Skip to content

Development of robust inhalation simulation procedures for measuring exposure to potentially harmful elements from soil particulates

Human exposure to soil-dust can be climate driven in that airborne particulates can be transported (and deposited great distances from the point of origin) through the atmosphere by weather and climatic patterns. The impact of air quality and particulate matter on human health is well recognized. Particle loading plays a significant role in the detrimental health effects but quantification of dissolved potentially harmful elements (PHE) from the particles into the bloodstream is also critical. Following the trapping of larger particles in the trachea, small bronchi and bronchioles particles (<10µm) migrate further into the respiratory bronchioles and alveoli and are dissolved in the fluids becoming bioaccessible and able to pass through the lung wall into the circulatory system.

Current methods used to assess the hazard exposure from particulates and dust are crude and do not represent the physico-chemical environment of the respiratory system.

The aim of this research is to develop physiologically relevant in-vitro methods to quantify PHE release into lung fluids and gain an understanding of the chemical speciation of the PHE released into the lung fluid.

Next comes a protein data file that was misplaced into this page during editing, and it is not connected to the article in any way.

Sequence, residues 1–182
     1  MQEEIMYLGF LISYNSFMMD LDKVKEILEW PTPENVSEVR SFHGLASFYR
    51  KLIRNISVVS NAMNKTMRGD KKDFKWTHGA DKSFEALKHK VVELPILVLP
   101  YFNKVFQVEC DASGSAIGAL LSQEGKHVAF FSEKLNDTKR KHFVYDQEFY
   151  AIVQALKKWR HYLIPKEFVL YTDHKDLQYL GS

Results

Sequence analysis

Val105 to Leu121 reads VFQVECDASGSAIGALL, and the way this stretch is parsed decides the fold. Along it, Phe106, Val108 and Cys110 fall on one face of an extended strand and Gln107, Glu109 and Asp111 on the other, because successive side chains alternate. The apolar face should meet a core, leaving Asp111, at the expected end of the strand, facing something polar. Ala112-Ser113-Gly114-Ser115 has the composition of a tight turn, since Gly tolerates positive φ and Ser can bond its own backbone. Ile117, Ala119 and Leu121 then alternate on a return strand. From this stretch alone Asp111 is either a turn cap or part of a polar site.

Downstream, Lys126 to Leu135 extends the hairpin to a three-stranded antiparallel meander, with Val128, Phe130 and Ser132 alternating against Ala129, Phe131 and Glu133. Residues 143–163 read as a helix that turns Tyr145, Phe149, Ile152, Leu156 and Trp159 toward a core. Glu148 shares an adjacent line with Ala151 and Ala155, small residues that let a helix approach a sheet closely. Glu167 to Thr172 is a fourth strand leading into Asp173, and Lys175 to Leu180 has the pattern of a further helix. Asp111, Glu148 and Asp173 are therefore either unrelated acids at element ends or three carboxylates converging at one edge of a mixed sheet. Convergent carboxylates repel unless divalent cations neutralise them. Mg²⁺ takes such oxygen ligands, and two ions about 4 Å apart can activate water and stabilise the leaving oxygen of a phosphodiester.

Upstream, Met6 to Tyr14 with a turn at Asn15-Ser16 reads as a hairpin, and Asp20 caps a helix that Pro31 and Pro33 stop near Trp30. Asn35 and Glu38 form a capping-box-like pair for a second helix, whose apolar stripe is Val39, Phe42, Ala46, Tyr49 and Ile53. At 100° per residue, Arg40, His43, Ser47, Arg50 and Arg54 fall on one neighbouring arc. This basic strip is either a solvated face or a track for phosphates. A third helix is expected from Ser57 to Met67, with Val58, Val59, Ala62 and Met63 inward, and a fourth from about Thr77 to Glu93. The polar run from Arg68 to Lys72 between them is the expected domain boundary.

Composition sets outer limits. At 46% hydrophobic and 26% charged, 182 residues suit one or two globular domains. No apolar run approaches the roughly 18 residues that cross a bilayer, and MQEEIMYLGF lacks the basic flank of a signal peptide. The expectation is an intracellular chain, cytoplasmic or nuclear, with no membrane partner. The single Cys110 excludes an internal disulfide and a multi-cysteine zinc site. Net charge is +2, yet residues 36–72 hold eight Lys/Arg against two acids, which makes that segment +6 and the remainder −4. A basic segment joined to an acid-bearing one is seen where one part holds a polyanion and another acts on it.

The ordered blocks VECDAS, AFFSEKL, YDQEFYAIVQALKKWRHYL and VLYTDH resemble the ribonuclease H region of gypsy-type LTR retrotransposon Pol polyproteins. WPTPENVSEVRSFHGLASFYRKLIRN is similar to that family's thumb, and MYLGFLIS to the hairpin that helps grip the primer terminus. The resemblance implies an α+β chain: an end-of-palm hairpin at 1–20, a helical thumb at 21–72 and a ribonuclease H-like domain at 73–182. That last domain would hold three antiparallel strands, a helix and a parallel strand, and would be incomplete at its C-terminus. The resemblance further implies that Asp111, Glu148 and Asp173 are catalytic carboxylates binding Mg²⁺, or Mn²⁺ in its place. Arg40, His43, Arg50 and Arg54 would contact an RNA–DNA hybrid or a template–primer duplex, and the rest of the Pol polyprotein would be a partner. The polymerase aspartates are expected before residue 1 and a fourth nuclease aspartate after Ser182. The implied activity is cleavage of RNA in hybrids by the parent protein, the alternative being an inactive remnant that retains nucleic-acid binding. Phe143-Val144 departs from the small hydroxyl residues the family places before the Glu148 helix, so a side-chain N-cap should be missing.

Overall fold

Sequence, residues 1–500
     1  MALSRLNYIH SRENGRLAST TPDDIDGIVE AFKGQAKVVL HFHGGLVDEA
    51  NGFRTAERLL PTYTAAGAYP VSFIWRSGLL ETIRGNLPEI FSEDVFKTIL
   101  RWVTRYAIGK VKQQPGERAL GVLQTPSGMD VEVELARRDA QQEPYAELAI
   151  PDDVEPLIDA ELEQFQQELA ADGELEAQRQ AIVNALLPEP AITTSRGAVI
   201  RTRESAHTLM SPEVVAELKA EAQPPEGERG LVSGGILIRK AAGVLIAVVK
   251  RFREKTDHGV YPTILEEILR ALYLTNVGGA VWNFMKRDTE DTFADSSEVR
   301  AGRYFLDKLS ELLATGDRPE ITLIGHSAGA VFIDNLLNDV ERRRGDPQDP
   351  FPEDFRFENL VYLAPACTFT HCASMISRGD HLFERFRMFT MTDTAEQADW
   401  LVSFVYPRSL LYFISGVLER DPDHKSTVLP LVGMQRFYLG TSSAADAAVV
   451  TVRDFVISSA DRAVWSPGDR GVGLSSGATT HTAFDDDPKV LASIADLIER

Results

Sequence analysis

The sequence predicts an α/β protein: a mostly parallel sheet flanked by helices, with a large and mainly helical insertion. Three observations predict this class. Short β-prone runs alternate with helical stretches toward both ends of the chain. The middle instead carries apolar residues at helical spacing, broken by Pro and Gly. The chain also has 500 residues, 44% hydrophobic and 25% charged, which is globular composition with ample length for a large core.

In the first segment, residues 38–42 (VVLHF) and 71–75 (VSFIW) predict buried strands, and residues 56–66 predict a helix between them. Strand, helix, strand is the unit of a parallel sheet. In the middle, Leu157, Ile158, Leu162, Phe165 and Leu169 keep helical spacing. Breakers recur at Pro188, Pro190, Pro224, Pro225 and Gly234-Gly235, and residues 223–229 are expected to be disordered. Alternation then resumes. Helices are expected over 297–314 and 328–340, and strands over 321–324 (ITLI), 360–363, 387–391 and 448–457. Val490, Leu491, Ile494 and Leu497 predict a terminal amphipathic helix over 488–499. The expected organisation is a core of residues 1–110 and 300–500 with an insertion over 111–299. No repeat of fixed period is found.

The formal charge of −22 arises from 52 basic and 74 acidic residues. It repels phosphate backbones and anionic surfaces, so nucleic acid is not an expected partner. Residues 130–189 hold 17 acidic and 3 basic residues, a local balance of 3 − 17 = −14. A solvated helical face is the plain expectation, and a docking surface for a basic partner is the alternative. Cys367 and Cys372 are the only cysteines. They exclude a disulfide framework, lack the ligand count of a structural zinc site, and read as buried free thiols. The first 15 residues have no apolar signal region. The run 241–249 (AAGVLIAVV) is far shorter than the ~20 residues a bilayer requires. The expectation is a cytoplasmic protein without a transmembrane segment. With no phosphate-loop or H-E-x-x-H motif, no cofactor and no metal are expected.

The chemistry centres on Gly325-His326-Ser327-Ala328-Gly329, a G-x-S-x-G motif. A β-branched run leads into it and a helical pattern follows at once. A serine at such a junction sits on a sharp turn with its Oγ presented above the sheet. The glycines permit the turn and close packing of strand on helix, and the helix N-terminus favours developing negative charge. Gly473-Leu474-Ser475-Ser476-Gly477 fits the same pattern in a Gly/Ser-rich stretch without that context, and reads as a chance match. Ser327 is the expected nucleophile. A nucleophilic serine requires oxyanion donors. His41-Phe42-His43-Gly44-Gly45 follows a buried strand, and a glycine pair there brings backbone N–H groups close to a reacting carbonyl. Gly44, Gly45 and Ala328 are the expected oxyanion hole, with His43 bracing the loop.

Research will focus on:

  • Developing a dynamic flow-through inhalation systems to simulate the release of PHE into lung fluid.
  • Studying the effect of lung fluid chemistry, reaction time, solid to liquid ratio on PHE solubility and the dynamics of PHE passing through the lung wall using osmotic pressure cells incorporating lung fluid and simulated blood plasma.

The student will benefit from wider interaction within research groups at Lancaster and BGS and international collaborators with personal development opportunities available through the organisations. With this PhD there is the potential to work with our international colleagues as part of an overseas placement, e.g. Portugal, Brazil.

The successful applicant will be expected to present their results at BGS science events and have the opportunity to present at an international conference.

The researcher will also benefit from the wider ENVISION training programme and will be eligible for NERC funded training courses.

Applicants should hold a minimum of a UK Honours degree at 2:1 level or equivalent in environmental science or applied chemistry.

For further information please email Joanna Wragg:, Mark Cave: or Kirk Semple: